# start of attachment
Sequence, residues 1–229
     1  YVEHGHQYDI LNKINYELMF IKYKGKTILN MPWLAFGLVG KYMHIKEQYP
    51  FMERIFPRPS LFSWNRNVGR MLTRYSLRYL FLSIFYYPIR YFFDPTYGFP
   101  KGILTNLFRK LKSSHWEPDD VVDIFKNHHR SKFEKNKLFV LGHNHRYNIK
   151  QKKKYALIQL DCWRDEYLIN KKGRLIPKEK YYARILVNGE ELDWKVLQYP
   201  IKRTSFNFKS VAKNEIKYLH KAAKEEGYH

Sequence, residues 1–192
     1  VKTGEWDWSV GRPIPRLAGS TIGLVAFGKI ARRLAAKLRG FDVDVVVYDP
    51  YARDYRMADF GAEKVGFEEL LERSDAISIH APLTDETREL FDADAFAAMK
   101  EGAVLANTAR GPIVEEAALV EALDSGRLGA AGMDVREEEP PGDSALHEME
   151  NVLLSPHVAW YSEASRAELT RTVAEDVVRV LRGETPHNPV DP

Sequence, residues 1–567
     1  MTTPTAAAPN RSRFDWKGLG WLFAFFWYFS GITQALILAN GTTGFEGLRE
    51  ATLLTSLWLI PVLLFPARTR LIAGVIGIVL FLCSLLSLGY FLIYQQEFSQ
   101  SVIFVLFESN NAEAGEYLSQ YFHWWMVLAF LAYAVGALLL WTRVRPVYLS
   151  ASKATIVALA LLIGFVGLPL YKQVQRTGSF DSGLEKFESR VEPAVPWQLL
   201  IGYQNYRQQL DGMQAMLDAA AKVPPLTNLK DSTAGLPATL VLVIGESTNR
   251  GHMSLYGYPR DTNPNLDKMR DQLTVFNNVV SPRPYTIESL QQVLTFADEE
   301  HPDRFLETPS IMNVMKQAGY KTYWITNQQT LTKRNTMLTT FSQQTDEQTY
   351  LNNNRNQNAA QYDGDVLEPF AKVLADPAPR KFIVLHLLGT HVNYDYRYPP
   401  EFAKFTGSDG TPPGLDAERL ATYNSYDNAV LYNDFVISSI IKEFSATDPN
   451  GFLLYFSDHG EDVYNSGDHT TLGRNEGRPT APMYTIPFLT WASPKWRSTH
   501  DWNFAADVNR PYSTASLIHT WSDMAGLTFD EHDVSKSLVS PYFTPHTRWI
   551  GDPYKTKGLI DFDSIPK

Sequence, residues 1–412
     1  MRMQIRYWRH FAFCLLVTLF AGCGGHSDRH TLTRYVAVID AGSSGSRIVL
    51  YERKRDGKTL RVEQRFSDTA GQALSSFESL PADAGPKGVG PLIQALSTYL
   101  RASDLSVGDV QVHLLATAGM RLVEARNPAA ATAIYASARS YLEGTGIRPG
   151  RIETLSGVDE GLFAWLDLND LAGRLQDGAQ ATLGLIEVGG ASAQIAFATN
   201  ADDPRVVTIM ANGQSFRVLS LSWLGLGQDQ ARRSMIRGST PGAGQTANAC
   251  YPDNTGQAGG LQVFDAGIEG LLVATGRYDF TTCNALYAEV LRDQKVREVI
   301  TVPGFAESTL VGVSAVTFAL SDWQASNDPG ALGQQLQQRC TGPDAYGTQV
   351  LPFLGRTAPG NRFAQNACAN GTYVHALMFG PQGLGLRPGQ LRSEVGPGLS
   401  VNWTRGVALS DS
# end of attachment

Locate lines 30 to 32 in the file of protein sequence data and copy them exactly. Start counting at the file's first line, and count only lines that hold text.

   201  ADDPRVVTIM ANGQSFRVLS LSWLGLGQDQ ARRSMIRGST PGAGQTANAC
   251  YPDNTGQAGG LQVFDAGIEG LLVATGRYDF TTCNALYAEV LRDQKVREVI
   301  TVPGFAESTL VGVSAVTFAL SDWQASNDPG ALGQQLQQRC TGPDAYGTQV